You may have heard it called waste-to-energy, energy-from-waste, or energy recovery.  Used interchangeably, they all describe the waste management strategy of using non-recyclable materials and converting them into useable heat, electric or fuel through combustion.  The waste-to-energy process generates renewable energy and off-sets the need to create energy from fossil sources.  It also works to reduce carbon emissions and reduce methane gas from landfills.

Waste Management Hierarchy

It is important to understand the EPA’s waste management hierarchy, the preferable ways of handling industrial and organic waste, and where the energy recovery process falls in the hierarchy.  After overall waste reduction, which is the most beneficial option, recycling is the preferred method of controlling waste.  However, some materials cannot be recycled and that is where energy recovery steps come into play, to avoid the least desirable outcome, which is disposal into a landfill.

Waste Management Hierarchy

Reduction & Reuse

This is the most environmentally preferred waste management method. This includes the reduction of waste at the production source, reducing packaging, buying materials in bulk, or redesigning products to include fewer raw materials.

Recycling & Composting

We are all familiar with the recycling process, which involves collecting and sorting waste to isolate recyclable materials, which can then be broken down and processed into new raw materials and remanufactured. In a similar process, composting breaks down organic waste materials to produce fertilizer or soil amendment. Thirty-four percent of American’s municipal solid waste is recycled or composted.

Energy Recovery

This waste management strategy is employed to prevent non-recyclable materials from ending up in landfills.  The waste is combusted and used to create new sources of renewable energy.  Energy recovery handles 12% of America’s municipal waste.

Treatment & Disposal

Treatment and disposal is the least sustainable outcome of waste management.  While various treatment methods work to reduce the volume of waste and toxicity in waste, 54% of municipal waste is deposited into landfills each year.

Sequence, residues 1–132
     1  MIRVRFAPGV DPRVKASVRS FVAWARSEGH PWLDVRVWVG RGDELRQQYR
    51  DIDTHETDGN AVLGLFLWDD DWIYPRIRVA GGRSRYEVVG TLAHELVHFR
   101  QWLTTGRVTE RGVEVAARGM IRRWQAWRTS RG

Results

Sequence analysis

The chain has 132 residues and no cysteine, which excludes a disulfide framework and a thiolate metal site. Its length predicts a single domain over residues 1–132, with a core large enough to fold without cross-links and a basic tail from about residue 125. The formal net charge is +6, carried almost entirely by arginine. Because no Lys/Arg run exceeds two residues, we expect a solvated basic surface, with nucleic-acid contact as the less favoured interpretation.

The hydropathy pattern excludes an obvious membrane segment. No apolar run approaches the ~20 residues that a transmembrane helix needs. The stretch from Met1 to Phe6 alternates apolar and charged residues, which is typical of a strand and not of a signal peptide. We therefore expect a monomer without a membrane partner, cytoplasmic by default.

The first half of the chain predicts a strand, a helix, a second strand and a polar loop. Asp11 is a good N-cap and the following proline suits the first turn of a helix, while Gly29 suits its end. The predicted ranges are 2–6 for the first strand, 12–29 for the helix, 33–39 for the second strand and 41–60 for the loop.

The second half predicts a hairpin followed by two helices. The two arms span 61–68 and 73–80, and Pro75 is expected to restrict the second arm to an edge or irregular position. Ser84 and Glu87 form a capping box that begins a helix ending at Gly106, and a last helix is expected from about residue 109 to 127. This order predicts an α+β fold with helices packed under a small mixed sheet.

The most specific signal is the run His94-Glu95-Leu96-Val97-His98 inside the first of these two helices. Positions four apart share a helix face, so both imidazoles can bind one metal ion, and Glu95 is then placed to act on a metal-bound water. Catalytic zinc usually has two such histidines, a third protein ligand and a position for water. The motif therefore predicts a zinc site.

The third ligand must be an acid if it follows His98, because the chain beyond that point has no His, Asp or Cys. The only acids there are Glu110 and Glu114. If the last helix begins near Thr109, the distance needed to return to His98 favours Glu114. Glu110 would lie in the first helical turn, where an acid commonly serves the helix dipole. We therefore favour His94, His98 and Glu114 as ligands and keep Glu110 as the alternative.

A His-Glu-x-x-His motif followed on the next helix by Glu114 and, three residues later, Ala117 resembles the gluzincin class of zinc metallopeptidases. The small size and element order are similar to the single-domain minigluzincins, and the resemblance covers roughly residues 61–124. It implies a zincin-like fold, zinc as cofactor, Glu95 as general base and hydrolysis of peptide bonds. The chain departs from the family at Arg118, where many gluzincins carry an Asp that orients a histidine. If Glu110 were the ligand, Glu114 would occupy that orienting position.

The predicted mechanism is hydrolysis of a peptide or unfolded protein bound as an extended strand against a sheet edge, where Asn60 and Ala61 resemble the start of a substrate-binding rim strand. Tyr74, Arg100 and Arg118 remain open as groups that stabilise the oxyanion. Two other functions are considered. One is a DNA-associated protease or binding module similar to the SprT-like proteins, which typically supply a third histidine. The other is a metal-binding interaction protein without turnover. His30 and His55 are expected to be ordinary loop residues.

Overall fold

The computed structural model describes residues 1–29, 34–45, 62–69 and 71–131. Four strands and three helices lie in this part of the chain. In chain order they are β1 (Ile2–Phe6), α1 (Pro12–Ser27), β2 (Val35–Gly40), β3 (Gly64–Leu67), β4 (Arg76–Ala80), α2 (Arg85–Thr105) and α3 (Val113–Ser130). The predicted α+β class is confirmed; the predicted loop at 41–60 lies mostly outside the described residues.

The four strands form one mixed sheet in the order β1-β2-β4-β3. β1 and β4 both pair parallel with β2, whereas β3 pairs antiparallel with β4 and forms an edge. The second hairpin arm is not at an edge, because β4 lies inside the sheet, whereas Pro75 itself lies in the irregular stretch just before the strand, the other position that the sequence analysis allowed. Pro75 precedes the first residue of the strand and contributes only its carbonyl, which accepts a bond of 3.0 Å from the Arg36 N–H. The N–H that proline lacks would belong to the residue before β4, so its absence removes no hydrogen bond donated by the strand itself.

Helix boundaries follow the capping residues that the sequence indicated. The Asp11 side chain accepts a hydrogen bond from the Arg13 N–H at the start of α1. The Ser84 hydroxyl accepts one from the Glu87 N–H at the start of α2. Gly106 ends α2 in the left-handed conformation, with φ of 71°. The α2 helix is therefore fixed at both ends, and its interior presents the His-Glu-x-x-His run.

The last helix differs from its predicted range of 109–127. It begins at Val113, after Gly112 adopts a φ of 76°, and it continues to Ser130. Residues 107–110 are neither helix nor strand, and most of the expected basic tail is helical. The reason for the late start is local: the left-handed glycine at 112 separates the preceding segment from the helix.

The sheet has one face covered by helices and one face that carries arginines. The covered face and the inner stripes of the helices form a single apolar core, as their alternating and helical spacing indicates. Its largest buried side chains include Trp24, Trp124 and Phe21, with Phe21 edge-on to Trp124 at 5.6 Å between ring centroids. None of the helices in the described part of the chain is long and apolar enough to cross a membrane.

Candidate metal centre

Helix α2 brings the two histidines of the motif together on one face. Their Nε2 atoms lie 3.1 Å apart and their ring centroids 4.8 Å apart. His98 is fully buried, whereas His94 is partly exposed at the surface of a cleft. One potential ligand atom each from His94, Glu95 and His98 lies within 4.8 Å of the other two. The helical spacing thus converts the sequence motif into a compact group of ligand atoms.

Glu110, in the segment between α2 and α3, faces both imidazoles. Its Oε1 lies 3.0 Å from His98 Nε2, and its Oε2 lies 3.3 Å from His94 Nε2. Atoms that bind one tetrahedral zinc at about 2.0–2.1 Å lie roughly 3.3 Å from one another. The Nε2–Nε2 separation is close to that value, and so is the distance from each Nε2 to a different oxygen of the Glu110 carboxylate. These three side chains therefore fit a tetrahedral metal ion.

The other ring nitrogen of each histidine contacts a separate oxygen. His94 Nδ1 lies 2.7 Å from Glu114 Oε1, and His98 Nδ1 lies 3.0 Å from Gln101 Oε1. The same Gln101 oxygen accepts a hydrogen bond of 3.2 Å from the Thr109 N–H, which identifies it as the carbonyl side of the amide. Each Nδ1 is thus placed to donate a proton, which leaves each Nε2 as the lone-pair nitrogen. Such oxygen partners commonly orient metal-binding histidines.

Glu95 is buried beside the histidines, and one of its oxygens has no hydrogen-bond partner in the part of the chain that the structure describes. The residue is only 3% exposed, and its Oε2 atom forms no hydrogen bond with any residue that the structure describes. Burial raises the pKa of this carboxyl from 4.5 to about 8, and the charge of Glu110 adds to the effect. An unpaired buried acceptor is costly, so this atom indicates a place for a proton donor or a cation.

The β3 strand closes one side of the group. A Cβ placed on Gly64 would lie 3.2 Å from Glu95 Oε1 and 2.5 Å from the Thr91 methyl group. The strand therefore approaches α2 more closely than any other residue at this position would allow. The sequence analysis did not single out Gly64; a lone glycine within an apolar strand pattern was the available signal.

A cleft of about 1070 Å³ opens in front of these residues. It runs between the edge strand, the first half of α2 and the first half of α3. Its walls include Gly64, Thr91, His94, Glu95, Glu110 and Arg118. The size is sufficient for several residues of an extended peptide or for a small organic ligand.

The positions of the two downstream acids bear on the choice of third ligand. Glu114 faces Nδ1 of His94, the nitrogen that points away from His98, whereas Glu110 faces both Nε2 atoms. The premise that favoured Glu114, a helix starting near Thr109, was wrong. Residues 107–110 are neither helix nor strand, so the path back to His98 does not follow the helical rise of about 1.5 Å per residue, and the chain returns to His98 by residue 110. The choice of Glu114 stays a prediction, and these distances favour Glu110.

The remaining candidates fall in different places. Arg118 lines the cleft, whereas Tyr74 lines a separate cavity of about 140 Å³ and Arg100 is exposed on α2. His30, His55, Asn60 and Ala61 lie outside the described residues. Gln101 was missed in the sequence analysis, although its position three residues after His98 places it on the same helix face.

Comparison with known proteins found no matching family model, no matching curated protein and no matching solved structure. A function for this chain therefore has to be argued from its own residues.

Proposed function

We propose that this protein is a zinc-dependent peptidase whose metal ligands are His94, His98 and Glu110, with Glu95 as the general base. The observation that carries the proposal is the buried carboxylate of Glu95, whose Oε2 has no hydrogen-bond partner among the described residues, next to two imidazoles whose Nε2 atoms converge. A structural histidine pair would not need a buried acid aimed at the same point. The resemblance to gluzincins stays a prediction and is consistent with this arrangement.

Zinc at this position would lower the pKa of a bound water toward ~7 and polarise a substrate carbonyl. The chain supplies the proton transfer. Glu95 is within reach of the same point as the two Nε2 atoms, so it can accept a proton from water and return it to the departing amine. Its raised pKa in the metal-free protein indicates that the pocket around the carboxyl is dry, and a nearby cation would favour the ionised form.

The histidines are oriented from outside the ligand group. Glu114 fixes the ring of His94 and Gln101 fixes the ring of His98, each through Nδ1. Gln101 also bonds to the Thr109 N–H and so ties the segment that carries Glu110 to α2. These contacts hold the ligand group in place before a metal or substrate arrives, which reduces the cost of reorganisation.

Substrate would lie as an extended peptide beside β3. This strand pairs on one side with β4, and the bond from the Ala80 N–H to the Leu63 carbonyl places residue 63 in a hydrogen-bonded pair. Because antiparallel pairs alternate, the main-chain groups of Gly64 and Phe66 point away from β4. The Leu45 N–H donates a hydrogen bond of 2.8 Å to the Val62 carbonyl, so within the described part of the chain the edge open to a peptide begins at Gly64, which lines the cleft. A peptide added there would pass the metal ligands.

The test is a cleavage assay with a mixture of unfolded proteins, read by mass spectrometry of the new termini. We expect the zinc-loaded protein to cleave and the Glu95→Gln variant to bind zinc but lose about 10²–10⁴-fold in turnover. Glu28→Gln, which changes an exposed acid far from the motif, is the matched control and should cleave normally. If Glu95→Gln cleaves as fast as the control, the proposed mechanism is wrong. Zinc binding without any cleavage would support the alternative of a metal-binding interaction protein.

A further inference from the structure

How Waste-to-Energy Has Changed Over the Years

The combustion used in the waste-to-energy process is often associated with trash incinerators used in past decades.  But today’s energy recovery process has advanced and evolved.  In the past, the creation of energy was not a priority and trash was only burned to reduce volume.

Energy-from-waste methods continue to reduce the volume of waste, by nearly 90%.  (The remaining 10% of waste used in energy recovery is now ash, which is deposited into local landfills.)  But today’s processing plants are also creating renewable energy, which can lessen our dependence on coal or oil in the creation of energy. According to Municipal Solid Waste in the US: Facts and Figures, in 2012 the United States combusted about 29 million tons of municipal waste (12% of total waste) for energy recovery.  The 86 processing facilities across the country have the capacity to turn that 29 million tons of waste into 2,720 megawatts of power each year.

A few more outstanding statistics from the Energy Recovery Council:

  • Waste-to-energy plants keep 90,000 tons of waste out of landfills each day
  • Seventeen billion kilowatts of electricity are produced each year
  • This can meet the electricity needs of nearly two million homes
  • It would take 7.8 million tons of coal to produce the same amount of electricity

Also changing is the amount of air pollution created as a result of this waste reduction strategy.  After the passing of the Clean Air Act, approximately $1 billion was invested to upgrade air quality control systems and quality control devices at U.S. waste-to-energy facilities.  This led to a reduction in emissions to levels far below state and federal standards.  The EPA has since concluded that “waste-to-energy generates electricity with less environmental impact than almost any other source of electricity.”

As technology develops further, the energy recovery process can be broadened further to include non-recyclable plastic materials, to create plastics-to-fuel technology.  Using much of the same methods, non-recyclable plastics are heated, melted, and vaporized into gas that can be used in the production of fuels for home heating, diesel, or gasoline.

The Fight Against Global Warming

Waste-to-energy is playing a large role in the fight against global warming and overall climate change. As waste in a landfill breaks down, it produces methane gas, one of the more potent greenhouse gases affecting climate change.  By finding alternative uses for waste, we can decrease the level of methane gases produced.

The energy recovery process creates carbon dioxide emissions (another greenhouse gas), however, when we compare it to the amount of CO2 released when creating the same amount of energy using coal or oil, energy recovery has a clear advantage.  Add to that the amount methane gas avoided by not disposing the waste in a landfill, and you’ll see that the process avoids nearly one ton of greenhouse gas for every one ton of waste handled.

ERC provides waste-to-energy services for a number of industries in an effort to prevent waste disposal in local landfills.  If you have any additional questions or concerns about this energy recovery process, please contact us!

photo credit: http://www.flickr.com/photos/10688882@N00/14507191708